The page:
Lesotho: The Case for Sustainable Food Production and Disease Mitigation
The Kingdom of Lesotho, a small landlocked nation completely surrounded by South Africa, encompasses a largely mountainous terrain that has been highly eroded through the years due to deforestation, overgrazing, and drought. To say the least, agriculture is risky business in Lesotho.10 As of early 2009, Lesotho was importing 70 percent of its food, and was heavily dependent on international food donations.11 Agricultural productivity has also decreased due to the absence of able-bodied workers. Up until the 1990s, large numbers of adults, mostly men, were absent in Lesotho—working in mining and agriculture in South Africa. More recently, work in apparel production has drawn many women from their rural villages to the lowland factories in Lesotho. Far from home and often renting small cement block flats, women have little land to grow food or social capital to support such efforts. More devastatingly, the country's workforce has been dramatically depleted by HIV/AIDS, which is believed to cause more than 30,000 deaths annually in a country of 2.1 million.12 Initiatives to individually address HIV/AIDS prevention, treatment, and food insecurity have met with varying degrees of success. However, we believe that such efforts would be more successful if they addressed the problem as a syndemic, that is, if they try to mitigate HIV/AIDS and food insecurity through small-scale sustainable food production and nutrition education, poverty reduction, and behavioral changes aimed at reducing risk. The latter can be achieved through enhanced HIV/AIDS education and awareness, open discussion of protective measures, provision of condoms, and the promotion of abstinence and being faithful to one's partner, combined with income generation opportunities for women—for example through the sale of surplus vegetables—that empower them and reduce their dependence on men.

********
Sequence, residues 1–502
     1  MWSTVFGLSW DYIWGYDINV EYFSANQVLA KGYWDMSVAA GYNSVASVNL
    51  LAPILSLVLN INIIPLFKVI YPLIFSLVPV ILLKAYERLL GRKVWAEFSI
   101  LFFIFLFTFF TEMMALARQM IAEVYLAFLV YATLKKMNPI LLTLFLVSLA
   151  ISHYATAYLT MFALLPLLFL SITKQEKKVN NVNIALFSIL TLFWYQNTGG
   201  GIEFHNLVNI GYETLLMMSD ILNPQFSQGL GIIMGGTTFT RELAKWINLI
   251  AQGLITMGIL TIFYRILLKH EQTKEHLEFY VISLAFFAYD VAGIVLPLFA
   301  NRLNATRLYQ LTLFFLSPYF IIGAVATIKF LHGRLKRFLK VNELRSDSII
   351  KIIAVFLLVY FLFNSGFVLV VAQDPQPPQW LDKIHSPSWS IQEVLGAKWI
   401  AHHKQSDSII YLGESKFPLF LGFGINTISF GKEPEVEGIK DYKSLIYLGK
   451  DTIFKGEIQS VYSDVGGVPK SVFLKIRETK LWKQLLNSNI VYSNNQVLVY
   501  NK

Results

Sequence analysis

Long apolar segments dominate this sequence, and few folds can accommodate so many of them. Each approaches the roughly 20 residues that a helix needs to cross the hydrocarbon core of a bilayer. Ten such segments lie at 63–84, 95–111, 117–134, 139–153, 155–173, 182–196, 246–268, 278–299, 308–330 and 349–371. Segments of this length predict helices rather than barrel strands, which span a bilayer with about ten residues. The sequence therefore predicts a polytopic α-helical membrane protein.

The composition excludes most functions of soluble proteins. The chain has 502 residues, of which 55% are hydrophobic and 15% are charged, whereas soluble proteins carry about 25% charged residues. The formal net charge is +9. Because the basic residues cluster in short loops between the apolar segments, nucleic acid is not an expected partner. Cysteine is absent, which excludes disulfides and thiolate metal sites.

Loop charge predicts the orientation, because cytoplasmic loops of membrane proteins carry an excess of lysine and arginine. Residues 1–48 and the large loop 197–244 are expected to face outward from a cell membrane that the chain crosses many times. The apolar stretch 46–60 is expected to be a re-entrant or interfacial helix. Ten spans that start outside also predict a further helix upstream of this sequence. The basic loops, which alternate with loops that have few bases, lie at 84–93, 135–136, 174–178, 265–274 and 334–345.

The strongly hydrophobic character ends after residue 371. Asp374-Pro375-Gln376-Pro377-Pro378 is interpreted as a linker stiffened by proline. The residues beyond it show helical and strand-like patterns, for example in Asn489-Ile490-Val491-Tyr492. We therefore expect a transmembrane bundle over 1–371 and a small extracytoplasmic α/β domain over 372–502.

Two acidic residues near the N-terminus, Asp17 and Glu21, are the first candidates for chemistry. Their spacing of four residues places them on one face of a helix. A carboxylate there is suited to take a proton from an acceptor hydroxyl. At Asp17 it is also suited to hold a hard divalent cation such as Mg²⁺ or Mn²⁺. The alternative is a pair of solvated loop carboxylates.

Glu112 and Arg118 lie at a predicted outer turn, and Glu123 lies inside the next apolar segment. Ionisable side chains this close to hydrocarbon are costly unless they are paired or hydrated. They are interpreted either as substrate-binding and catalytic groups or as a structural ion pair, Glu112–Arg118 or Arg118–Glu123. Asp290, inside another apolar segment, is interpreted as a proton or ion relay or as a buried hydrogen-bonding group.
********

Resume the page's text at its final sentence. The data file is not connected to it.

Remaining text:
Home Gardens: Improving Food Security and Nutrition
Home gardens are being promoted in Lesotho and elsewhere as a way of increasing dietary diversity (i.e., variety of foods). Dietary diversification encompasses a variety of approaches with the goal of increasing the production, availability, and access to micronutrient-rich food, which improves nutritional status and immune function. This is critical in resource-poor countries like Lesotho where diets are monotonous and carbohydrate-dense, and where AIDS and other infectious diseases such as tuberculosis are highly prevalent.